Argentina Senate votes down abortion decriminalization bill

IMAGE: CNS photo/Agustin Marcarian

By David Agren

MEXICO CITY (CNS) — The Argentine
Senate voted against a bill that would have decriminalized abortion during the
first 14 weeks of pregnancy.

Senators voted 38-31 against the
measure early Aug. 9 following a 15-hour debate. The measure had been approved in
June by the lower house of Congress.

The Argentine bishops’ conference
hailed the vote, saying the debate in the country opened an opportunity for
dialogue and a chance to focus more on social ministry.

The Senate debate revealed deep
divisions in Argentina, where support for decriminalizing abortion drew
stronger support in Buenos Aires, the capital, than in the more conservative
provinces. Observers attributed that difference to the bill being voted down in
the Senate, which includes more representation from outlying areas.

The vote came as a movement of women
and supporters of the measure — wearing green handkerchiefs — filled the
streets outside the Congress as voting occurred. Catholics, meanwhile,
celebrated the Eucharist.

“Everyone has time to express
their viewpoints and be heard by legislators in a healthy democratic exercise.
But the only ones that didn’t have an opportunity de make themselves heard are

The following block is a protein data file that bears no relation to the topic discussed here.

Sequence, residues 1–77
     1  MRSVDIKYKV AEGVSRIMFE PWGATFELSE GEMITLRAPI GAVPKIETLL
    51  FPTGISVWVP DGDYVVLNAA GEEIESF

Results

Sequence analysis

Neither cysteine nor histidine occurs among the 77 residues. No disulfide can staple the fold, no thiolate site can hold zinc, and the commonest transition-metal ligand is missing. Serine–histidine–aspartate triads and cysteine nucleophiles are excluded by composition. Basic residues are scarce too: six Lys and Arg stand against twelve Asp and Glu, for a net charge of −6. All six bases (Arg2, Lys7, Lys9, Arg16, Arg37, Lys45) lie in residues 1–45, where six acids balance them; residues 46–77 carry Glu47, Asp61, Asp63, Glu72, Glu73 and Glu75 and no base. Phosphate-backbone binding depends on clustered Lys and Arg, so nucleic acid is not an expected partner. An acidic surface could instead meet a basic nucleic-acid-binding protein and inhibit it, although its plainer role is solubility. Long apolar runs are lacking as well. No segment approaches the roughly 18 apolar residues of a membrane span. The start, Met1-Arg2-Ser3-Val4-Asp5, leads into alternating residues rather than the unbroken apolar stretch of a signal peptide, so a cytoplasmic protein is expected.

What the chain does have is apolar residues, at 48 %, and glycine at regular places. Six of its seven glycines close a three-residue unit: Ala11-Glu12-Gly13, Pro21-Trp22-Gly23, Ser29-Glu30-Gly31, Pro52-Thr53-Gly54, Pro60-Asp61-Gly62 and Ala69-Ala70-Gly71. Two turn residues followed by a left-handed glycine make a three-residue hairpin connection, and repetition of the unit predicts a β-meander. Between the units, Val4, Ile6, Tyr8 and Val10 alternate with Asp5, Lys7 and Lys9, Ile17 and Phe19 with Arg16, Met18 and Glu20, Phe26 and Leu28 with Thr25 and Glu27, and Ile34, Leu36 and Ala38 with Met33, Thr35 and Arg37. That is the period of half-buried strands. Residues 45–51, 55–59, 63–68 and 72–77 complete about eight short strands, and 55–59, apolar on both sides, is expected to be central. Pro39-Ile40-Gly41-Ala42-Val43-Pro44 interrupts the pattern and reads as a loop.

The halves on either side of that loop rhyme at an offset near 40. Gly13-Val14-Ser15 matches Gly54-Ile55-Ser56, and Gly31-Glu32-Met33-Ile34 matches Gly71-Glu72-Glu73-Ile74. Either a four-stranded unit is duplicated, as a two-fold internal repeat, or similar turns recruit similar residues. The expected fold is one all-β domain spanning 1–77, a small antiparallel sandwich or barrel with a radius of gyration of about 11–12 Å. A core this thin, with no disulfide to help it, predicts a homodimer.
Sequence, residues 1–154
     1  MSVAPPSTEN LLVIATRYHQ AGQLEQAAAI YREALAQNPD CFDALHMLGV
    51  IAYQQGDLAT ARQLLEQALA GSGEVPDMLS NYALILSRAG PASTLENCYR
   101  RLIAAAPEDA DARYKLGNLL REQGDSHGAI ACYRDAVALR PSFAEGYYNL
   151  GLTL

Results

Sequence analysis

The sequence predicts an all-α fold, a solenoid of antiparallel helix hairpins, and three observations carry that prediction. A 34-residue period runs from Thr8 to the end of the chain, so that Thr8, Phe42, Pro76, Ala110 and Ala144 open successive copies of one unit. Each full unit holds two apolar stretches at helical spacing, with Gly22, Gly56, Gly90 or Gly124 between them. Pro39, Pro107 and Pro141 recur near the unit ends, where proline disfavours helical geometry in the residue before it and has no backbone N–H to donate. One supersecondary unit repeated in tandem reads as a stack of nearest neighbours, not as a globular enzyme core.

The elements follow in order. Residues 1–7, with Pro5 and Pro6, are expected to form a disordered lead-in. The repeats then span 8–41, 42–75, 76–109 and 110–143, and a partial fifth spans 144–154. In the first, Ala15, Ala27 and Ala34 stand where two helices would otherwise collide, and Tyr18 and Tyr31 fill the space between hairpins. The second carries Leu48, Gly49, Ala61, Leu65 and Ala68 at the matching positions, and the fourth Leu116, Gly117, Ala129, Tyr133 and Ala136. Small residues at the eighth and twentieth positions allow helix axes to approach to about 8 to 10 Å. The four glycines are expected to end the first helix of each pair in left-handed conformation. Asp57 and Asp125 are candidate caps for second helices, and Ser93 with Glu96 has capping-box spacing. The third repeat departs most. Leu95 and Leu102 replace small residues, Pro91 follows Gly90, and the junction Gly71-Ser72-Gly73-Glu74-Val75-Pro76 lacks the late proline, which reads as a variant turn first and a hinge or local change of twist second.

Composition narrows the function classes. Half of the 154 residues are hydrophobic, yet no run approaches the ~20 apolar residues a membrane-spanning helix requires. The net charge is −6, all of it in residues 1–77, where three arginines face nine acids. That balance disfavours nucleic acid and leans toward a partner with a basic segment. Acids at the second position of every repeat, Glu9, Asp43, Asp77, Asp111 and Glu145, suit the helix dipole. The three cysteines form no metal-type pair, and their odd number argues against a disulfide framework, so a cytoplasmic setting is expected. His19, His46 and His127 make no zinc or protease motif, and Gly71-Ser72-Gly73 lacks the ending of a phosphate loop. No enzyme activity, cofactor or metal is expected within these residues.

the human beings that struggled to be born,” Cardinal Mario Poli, Pope Francis’
successor in Buenos Aires, said Aug. 8 in his homily at a what organizers
called a “Mass for Life.”

an acknowledgment that the church could be doing more to work with women, Cardinal
Poli said, “We have done little to accompany the women when find
themselves in tough situations, particularly when the (pregnancy) has is the
result of rape or situations of extreme poverty.”

In a statement after the vote, the bishops’
conference said it was time to address the “new divisions developing
between us … through a renewed exercise of dialogue.”

“We are facing great pastoral
challenges to speak more clearly on the value of life,” the bishops said.

More than 75 percent of Argentines
still consider themselves Catholic, but the opposition to the abortion bill
also came from Protestant and evangelical congregations, prompting the bishops’
conference to acknowledge that “ecumenical dialogue and inter-religious
dialogue has grown at this time of joining forces to protect life.”

Analysts in Argentina say church
opposition to the abortion bill started somewhat quietly as the measure was not
expected to pass the lower house. Pope Francis, a native of Argentina, also largely
stayed on the sidelines, except for a strong denunciation of abortion in June. At
the time he said, “Last century, the
whole world was scandalized by what the Nazis did to purify the race. Today, we
do the same thing but with white gloves.”

“When the lower house result occurred, (the
hierarchy) started to understand something similar could happen with the
senators so the Argentine church and various movements and associations became
frontally against the bill,” said Jose Maria Poirier, publisher of the Catholic
magazine Criterio.

“It’s created tension” in the Argentine church “that
the pope has not intervened directly,” he added.

Argentine President
Mauricio Macri had promised to sign the bill into law had it been approved. Observers
said the relationship between the Catholic Church and Macri had deteriorated
somewhat as the pope’s statements on economic matters were not well received as
president tried to implement difficult economic reforms in recent months.

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